Did I say end? Well, the less said about that the better.

Reviewed by James Hitchcock 6 / 10

A Remake of a Film that Never Needed to be Remade

If one wants to remake a movie, the best option is probably to choose and original that was good, but not a great classic. Clearly, any attempt to remake a concept that failed first time around is fraught with danger, but an attempt to remake a classic runs the risk that one's film will be unfavourably compared with the original. The original 1968 film of 'Planet of the Apes' is one of cinema's great science fiction classics. More than an adventure story, it touches on some of the concerns of the late sixties- the fear of nuclear war, race relations- and also raises more fundamental issues about the relationship between man and nature, the relationship between religion and science, Darwinism and animal rights. It was therefore a brave move on Tim Burton's part to try and remake it.

The main concept of Tim Burton's film is basically similar to Franklin Schaffner's. An astronaut from Earth travels to a planet ruled by intelligent apes. Humans exist on this planet, but they are regarded as an inferior species, despised and exploited by the apes. There is, however, an important difference. In the original film, the apes are the only intelligent and articulate beings on the planet. Although they have only attained a pre-industrial level of civilization (they have firearms, but no power-driven machinery, and no means of transport other than the horse or horse-drawn vehicles), they are a far more advanced species than the planet's human inhabitants, who lack the powers of speech and reason and live an animal-like existence. In Burton's remake, humans and apes have similar powers of speech and intellect; it is only the apes' greater physical strength that enables them to dominate the planet and to treat the humans as slaves.

It was this ironic role-reversal, with apes behaving like men and men behaving like beasts, that gave Schaffner's film its satirical power. That film was advertised with the slogan 'Somewhere in the Universe, there must be something better than man!', and the apes are indeed, in some respects, better than man. Their law against killing others of their kind, for example, is much more strictly observed than our commandment that 'Thou shalt do no murder'. There is no sense that the apes are bad and the humans good. Even Dr Zaius, the orang-utan politician, is not a wicked individual; by the standards of his society he is an honourable and decent one. His weakness is that of excessive intellectual conservatism and unwillingness to accept opinions that do not fit in with his preconceived world view. (In this respect the apes are very human indeed).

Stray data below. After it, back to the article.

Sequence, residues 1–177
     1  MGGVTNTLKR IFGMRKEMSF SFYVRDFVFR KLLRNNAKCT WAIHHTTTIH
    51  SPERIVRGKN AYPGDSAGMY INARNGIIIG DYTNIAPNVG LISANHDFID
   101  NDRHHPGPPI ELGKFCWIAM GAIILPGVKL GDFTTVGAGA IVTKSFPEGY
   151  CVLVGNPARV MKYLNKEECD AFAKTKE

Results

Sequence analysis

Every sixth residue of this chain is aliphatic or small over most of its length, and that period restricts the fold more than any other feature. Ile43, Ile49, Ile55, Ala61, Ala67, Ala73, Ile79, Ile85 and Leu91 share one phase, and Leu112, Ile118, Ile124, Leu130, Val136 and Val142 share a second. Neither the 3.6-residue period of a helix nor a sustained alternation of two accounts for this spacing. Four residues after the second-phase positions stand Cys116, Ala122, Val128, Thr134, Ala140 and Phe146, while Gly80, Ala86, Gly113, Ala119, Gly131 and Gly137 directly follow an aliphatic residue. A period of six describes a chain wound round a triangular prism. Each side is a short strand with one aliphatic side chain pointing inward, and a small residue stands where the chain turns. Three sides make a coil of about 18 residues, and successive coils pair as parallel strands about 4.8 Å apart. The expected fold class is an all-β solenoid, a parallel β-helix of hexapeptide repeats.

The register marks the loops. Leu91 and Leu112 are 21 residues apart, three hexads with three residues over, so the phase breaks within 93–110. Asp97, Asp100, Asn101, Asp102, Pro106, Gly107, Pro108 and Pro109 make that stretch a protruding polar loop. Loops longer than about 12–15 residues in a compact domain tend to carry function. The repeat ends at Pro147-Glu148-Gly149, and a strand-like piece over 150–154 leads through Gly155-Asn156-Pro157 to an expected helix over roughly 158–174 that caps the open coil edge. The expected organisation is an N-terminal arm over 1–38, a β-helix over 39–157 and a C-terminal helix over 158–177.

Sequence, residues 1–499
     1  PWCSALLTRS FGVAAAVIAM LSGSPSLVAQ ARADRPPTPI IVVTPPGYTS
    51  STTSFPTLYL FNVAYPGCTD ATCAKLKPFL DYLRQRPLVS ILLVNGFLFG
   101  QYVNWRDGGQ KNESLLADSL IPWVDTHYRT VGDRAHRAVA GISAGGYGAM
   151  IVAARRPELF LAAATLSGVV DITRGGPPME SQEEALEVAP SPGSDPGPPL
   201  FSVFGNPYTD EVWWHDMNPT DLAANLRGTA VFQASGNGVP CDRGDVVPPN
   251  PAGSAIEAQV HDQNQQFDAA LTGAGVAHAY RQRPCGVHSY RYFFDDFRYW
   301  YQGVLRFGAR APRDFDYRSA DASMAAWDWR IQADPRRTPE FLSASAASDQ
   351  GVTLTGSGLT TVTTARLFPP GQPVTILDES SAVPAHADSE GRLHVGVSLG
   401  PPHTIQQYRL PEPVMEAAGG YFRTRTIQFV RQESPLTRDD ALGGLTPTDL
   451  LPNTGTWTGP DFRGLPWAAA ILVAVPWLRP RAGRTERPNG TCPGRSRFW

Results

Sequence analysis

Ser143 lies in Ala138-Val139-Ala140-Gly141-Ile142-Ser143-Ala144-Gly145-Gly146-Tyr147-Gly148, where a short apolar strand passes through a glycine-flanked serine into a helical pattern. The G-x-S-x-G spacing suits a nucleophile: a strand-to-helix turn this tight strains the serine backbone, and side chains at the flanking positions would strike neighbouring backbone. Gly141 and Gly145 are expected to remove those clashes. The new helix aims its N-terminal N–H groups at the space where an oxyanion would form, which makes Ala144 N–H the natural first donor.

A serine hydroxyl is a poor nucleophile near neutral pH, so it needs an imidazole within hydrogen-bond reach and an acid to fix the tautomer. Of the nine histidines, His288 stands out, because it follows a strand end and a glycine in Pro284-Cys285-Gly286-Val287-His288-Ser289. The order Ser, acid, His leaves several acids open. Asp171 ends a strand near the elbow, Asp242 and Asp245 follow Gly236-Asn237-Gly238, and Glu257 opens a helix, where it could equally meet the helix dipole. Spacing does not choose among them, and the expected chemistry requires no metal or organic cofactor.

Burton's film takes a less subtle moral line. It is a straightforward story of a fight for freedom. The villains are most of the apes, especially the fanatical, human-hating General Thade. The heroes are Captain Davidson, the astronaut from Earth, the planet's human population who long for freedom from the domination of the apes, and a few liberal, pro-human apes, especially Ari, the daughter of an ape senator. The apes are more aggressive and more obviously animals than in the original film; they still frequently move on all fours and emit fierce shrieks whenever angry or excited.

There are some things about this film that are good, especially the ape make-up which is, for the most part, more convincing than in the original film and allows the actors more scope to show emotion. (I say 'for the most part' because Ari looks far less simian than do most of the other apes- Tim Burton obviously felt that the audience would be more likely to accept her as a sympathetic character if she looked half-human). The actors playing apes actually seem more convincing than those playing humans. Tim Roth is good as the militaristic Thade, as is Helena Bonham-Carter as Ari. Mark Wahlberg, on the other hand, is not an actor of the same caliber as Charlton Heston, who played the equivalent role in the original film, and Estella Warren has little to do other than look glamorous. (Heston has a cameo role as an ape in Burton's film, and even gets to repeat his famous line 'Damn you all to hell').

Overall, however, the film is a disappointment when compared to the original, a simple science-fiction adventure story as opposed to an intelligent and philosophical look at complex issues. It tried to copy the device of a surprise ending but failed. Schaffner's famous final twist is shocking, but makes perfect sense in the context of what has gone before. Burton's makes no sense whatsoever.

Tim Burton can be a director of great originality, but with 'Planet of the Apes' he fell into the standard Hollywood trap of trying to copy what had already been done and remaking a film that never needed to be remade. It was good to see him return to form with the brilliant 'Big Fish', one of the best films of last year. 6/10